Silicon Valley stays quiet as Washington implodes

Tech lobbyists offer three post-crisis political outcomes for the tech industry

WASHINGTON -- In a better time, circa 1998, Cypress Semiconductor founder and CEO T.J. Rodgers gave a provocative speech, titled: "Why Silicon Valley Should Not Normalize Relations with Washington D.C."

This speech, at the Cato Institute Forbes Conference on Technology and Society, is important to the understanding of Silicon Valley.

The valley may vote overwhelmingly Democratic in elections, but it has a very strong libertarian streak -- it doesn't want Washington interfering with its business and start-up culture.

Rogers argued that the politics of Washington are antithetical to Silicon Valley's core values. "The very way it works, Washington undermines the free minds and free markets that are the cornerstone of Silicon Valley's success," said Rodgers, in a speech that raised issues with both political parties.

(Download PDF of edited version of Rodgers speech here)

"The metric that differentiates Silicon Valley from Washington does not fall along conventional political lines: Republican versus Democrat, conservative versus liberal, right versus left," Rogers said.

"It falls between freedom and control. It is a metric that separates individual freedom to speak from tap-ready telephones; local reinvestment of profit from taxes that go to Washington; encryption to protect privacy from government eavesdropping; success in the marketplace from government subsidies; and a free, untaxed Internet from a regulated, overtaxed Internet," he added.

The issues Rodgers worried about -- government surveillance and Internet taxation, among others -- have only grown as as tech industry concerns today. Rogers has been one of but a few Silicon Valley business leaders to speak critically about the country's broad political direction. Former Intel chairman and CEO Andy Grove has been another vocal leader.

For the most part, though, if Silicon Valley leaders go public at all about something political, it is about a narrow policy issue.

It's not surprising, then, that the biggest issue in the country today, the federal government shutdown and threat of a U.S. default on the national debt, has been met by mostly silence from tech industry leaders.

The benefit of speaking up is questionable. Said one tech lobbyist on background: "Is rational pressure and discussion going to make irrational people act rationally?"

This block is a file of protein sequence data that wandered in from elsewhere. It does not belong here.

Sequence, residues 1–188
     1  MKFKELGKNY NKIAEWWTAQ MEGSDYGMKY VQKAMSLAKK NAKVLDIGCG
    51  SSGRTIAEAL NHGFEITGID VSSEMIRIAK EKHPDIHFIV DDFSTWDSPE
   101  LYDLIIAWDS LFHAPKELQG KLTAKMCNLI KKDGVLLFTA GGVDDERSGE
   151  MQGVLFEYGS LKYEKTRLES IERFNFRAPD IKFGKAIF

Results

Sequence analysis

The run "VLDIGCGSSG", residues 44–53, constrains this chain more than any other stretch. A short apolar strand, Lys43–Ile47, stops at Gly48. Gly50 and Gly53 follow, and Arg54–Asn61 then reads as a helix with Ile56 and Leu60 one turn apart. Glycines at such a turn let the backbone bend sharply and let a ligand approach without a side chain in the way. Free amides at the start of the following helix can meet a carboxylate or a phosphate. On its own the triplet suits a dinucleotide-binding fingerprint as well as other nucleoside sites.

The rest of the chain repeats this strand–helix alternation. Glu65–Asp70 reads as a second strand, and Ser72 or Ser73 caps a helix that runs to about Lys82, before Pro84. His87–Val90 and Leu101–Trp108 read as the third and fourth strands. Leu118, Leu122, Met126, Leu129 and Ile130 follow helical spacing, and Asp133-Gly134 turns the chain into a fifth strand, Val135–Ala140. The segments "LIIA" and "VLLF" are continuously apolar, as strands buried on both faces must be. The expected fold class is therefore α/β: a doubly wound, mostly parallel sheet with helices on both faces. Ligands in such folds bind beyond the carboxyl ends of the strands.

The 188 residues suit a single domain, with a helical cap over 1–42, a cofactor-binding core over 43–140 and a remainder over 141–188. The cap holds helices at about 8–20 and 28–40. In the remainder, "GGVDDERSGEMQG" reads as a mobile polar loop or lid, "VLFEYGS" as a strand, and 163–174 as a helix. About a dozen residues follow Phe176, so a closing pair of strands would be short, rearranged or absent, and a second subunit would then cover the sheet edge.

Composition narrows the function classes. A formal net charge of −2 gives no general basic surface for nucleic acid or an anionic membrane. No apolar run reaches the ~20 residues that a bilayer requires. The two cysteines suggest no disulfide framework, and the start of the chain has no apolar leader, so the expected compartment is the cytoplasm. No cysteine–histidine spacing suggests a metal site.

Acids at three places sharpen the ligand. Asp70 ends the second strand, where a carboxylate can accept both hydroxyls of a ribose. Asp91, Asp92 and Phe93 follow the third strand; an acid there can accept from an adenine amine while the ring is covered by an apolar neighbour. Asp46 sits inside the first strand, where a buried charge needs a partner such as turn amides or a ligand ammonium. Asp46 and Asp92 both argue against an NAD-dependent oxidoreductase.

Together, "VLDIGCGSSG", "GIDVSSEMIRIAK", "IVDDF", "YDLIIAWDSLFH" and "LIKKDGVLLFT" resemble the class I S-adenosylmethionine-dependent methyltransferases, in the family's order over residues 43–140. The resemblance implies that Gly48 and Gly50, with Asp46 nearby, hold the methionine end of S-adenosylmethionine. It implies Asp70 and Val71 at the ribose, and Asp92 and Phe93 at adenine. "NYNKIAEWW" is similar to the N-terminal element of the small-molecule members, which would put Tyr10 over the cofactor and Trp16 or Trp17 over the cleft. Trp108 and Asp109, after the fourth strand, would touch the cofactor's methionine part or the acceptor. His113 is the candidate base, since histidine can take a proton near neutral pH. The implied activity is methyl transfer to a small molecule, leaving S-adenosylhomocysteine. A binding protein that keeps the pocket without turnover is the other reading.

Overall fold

Broad criticism about the direction of government could upset key lawmakers, and lead to problems on specific bills. The large tech companies are, instead, letting their views known about the shutdown and default risk known through cross-industry organizations, such as Business Roundtable.

The tech lobby has interest in a long list of issues, including patents, copyright, and Internet taxation, that are now on hold.

The leading issue for many in Silicon Valley, arguably, is immigration. All the tech industry groups have pushed for immigration reform. It also drew a new arrival, Facebook's Mark Zuckerberg, and his Fwd.us.

The current mess in Washington has tech lobbyists now trying to figure out what happens after the shutdown and default issues are resolved. The predictions of several lobbyists, all speaking on background, follow.

Republican moderates emerge stronger, and that helps tech

If U.S. House Republican moderates can prevail and overcome Tea Party wing's shutdown demands, they may feel ennobled. They could become willing to fend off Tea Party challenges on issues important to tech, mostly immigration reform.

The biggest risk for moderates are primary challenges from Tea Party-backed candidates.

A damaged Republican brand may benefit tech

If polls show Republicans as the clear losers in the crisis, GOP legislators may feel a need to rack up some positive wins. Giving tech some of things it wants on policy issues may be one way of doing it.

The acrimony persists and tech gets nothing

It remains possible that the fiscal crisis could end badly.

A default sets the stage for economic upheaval. Even if a default is averted, the outlook for fixing problems important to tech may be poor. Relations between members of the two parties may well deteriorate to such a point that little can be accomplished.

The 113th Congress is on path to be the least productive since 1999, when measured by the number of substantive, non-ceremonial bills approved, according to Pew Research. That lack of productivity could continue until the mid-term elections.

The tech industry doesn't like dealing with Washington, but spends mightily for the privilege. The industry's lobbying spending grew from $40 million in 1998, when Rodgers gave his speech, to $133 million last year, according the Center for Responsive Politics.

Patrick Thibodeau covers SaaS and enterprise applications, outsourcing, government IT policies, data centers and IT workforce issues for Computerworld. Follow Patrick on Twitter at @DCgov, or subscribe to Patrick's RSS feed . His email address is pthibodeau@computerworld.com.

Read more about it industry in Computerworld's IT Industry Topic Center.

This story, "Silicon Valley stays quiet as Washington implodes" was originally published by Computerworld.

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